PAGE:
5. Don't ask open-ended questions.
Brown suggests that counsel's questions should be short, definite, clear, pithy, without characterization and close-ended. Counsel should not ask general questions that the witness can answer with a speech. This would give the hostile witness a chance to bring in testimony otherwise inadmissible and self-serving. Counsel must control the opposing witness on crossexamination or the witness will destroy the questioner and, in turn, the client's cause. For the hostile witness, leading questions (permitted in cross-examination but not in direct) or close-ended questions are those that call for a "yes" or "no" response such as "Isn't it correct ... ?". In fact, all questions in critical areas should be close-ended. By carefully limiting the answers, counsel can successfully preclude the expert from expounding on his/her theories and reasserting his/her opinions and explanations. Counsel may even succeed in planting seeds of doubt in the court's mind about the expertise of the witness.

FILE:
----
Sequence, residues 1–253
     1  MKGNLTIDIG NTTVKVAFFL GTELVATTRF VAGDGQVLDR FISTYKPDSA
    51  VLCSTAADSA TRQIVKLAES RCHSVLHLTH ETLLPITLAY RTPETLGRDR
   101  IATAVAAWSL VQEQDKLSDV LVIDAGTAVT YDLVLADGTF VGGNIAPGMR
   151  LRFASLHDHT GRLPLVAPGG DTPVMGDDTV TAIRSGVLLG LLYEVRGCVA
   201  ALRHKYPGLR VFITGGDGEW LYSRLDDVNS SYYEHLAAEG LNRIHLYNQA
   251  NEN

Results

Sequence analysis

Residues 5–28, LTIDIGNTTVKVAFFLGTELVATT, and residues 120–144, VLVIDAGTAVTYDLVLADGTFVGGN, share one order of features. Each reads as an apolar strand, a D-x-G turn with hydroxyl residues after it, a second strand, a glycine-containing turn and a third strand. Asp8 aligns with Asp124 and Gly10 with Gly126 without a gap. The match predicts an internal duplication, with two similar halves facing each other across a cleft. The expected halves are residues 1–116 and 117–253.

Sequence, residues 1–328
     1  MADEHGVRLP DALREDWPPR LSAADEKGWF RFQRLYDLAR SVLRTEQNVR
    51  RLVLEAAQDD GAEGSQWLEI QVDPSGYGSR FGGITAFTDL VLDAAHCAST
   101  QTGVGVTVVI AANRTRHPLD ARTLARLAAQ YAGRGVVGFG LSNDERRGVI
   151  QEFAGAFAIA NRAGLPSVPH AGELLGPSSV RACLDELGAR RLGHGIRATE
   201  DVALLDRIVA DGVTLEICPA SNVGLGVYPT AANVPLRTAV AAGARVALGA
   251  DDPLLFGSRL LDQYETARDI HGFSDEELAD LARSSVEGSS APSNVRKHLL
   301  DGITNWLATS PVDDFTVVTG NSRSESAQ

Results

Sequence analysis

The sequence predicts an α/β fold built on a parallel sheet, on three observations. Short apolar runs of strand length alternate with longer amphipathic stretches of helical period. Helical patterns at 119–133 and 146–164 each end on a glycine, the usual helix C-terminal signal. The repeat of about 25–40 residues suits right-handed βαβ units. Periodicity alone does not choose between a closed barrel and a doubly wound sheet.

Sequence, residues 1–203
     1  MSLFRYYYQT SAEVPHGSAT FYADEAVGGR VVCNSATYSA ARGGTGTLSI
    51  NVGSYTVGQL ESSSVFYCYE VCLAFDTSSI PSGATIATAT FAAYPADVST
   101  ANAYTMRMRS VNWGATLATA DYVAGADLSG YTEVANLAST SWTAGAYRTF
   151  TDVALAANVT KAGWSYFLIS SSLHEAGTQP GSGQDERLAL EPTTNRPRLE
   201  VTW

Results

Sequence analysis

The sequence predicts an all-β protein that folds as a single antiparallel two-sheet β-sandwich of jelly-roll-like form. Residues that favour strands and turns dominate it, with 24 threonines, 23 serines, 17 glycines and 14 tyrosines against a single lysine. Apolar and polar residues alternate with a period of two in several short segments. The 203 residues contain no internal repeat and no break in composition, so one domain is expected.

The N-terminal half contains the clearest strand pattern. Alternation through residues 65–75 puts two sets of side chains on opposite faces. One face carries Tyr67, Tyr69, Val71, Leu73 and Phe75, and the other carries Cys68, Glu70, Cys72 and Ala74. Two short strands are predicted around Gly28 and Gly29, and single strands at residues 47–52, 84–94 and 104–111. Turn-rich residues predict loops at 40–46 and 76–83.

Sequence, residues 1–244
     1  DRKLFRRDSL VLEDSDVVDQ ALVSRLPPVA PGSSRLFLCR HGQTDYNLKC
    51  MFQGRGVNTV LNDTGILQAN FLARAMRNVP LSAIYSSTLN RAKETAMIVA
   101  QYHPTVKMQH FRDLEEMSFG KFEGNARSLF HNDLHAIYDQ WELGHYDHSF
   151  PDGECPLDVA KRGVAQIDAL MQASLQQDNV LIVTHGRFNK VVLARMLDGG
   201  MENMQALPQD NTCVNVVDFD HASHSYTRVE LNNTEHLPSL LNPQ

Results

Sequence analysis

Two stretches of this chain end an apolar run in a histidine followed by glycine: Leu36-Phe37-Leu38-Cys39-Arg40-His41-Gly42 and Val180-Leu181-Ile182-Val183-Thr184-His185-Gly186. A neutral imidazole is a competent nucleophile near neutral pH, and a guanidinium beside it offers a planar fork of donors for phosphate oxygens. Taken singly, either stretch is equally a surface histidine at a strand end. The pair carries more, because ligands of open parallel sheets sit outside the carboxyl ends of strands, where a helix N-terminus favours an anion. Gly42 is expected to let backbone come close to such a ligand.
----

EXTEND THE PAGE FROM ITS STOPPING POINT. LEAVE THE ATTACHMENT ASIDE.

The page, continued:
6. Don't put the evidence of your own expert to the expert you are cross-examining.
Sopinka says any direct reference to counsel's own expert should be limited to only an admission (which will normally be forthcoming) by the opposing expert on the witness stand that counsel's own expert is well-qualified and highly regarded: "While much of the substance of your expert's theory will be put to the witness, a specific identification of your expert's evidence in the question may result in getting a rebuttal in advance".
In Part II, I summarize the authors' additional rules for cross-examining an expert.
Originally published by The Montreal Lawyer.
The content of this article is intended to provide a general guide to the subject matter. Specialist advice should be sought about your specific circumstances.